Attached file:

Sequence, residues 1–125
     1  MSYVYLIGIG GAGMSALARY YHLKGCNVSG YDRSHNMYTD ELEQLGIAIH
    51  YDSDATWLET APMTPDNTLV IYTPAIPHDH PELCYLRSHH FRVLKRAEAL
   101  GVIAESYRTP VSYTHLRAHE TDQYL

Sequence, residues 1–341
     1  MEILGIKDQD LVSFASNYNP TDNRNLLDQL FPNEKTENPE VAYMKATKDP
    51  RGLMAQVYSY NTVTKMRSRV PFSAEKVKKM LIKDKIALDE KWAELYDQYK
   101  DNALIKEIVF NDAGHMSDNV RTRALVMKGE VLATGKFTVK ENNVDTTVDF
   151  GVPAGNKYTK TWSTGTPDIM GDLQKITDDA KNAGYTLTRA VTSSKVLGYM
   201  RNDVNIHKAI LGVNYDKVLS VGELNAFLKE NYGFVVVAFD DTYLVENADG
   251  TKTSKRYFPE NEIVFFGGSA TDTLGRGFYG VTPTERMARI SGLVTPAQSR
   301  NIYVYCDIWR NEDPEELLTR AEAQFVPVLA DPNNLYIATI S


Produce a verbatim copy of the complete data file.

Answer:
Sequence, residues 1–125
     1  MSYVYLIGIG GAGMSALARY YHLKGCNVSG YDRSHNMYTD ELEQLGIAIH
    51  YDSDATWLET APMTPDNTLV IYTPAIPHDH PELCYLRSHH FRVLKRAEAL
   101  GVIAESYRTP VSYTHLRAHE TDQYL

Sequence, residues 1–341
     1  MEILGIKDQD LVSFASNYNP TDNRNLLDQL FPNEKTENPE VAYMKATKDP
    51  RGLMAQVYSY NTVTKMRSRV PFSAEKVKKM LIKDKIALDE KWAELYDQYK
   101  DNALIKEIVF NDAGHMSDNV RTRALVMKGE VLATGKFTVK ENNVDTTVDF
   151  GVPAGNKYTK TWSTGTPDIM GDLQKITDDA KNAGYTLTRA VTSSKVLGYM
   201  RNDVNIHKAI LGVNYDKVLS VGELNAFLKE NYGFVVVAFD DTYLVENADG
   251  TKTSKRYFPE NEIVFFGGSA TDTLGRGFYG VTPTERMARI SGLVTPAQSR
   301  NIYVYCDIWR NEDPEELLTR AEAQFVPVLA DPNNLYIATI S